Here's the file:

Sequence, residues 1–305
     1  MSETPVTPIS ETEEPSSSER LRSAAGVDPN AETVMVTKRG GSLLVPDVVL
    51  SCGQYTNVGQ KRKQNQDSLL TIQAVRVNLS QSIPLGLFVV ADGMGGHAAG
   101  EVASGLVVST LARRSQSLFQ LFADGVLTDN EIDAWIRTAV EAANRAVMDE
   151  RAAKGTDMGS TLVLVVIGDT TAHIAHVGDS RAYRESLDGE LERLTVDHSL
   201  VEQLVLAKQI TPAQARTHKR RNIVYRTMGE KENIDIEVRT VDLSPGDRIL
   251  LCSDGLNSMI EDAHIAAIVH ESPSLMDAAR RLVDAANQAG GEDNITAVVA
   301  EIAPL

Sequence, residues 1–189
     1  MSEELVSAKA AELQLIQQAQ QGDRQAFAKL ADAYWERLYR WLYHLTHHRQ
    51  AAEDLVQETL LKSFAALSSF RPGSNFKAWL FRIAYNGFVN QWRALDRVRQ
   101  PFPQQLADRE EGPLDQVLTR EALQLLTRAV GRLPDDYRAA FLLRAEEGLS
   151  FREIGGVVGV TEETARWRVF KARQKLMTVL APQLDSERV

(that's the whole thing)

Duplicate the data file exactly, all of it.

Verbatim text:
Sequence, residues 1–305
     1  MSETPVTPIS ETEEPSSSER LRSAAGVDPN AETVMVTKRG GSLLVPDVVL
    51  SCGQYTNVGQ KRKQNQDSLL TIQAVRVNLS QSIPLGLFVV ADGMGGHAAG
   101  EVASGLVVST LARRSQSLFQ LFADGVLTDN EIDAWIRTAV EAANRAVMDE
   151  RAAKGTDMGS TLVLVVIGDT TAHIAHVGDS RAYRESLDGE LERLTVDHSL
   201  VEQLVLAKQI TPAQARTHKR RNIVYRTMGE KENIDIEVRT VDLSPGDRIL
   251  LCSDGLNSMI EDAHIAAIVH ESPSLMDAAR RLVDAANQAG GEDNITAVVA
   301  EIAPL

Sequence, residues 1–189
     1  MSEELVSAKA AELQLIQQAQ QGDRQAFAKL ADAYWERLYR WLYHLTHHRQ
    51  AAEDLVQETL LKSFAALSSF RPGSNFKAWL FRIAYNGFVN QWRALDRVRQ
   101  PFPQQLADRE EGPLDQVLTR EALQLLTRAV GRLPDDYRAA FLLRAEEGLS
   151  FREIGGVVGV TEETARWRVF KARQKLMTVL APQLDSERV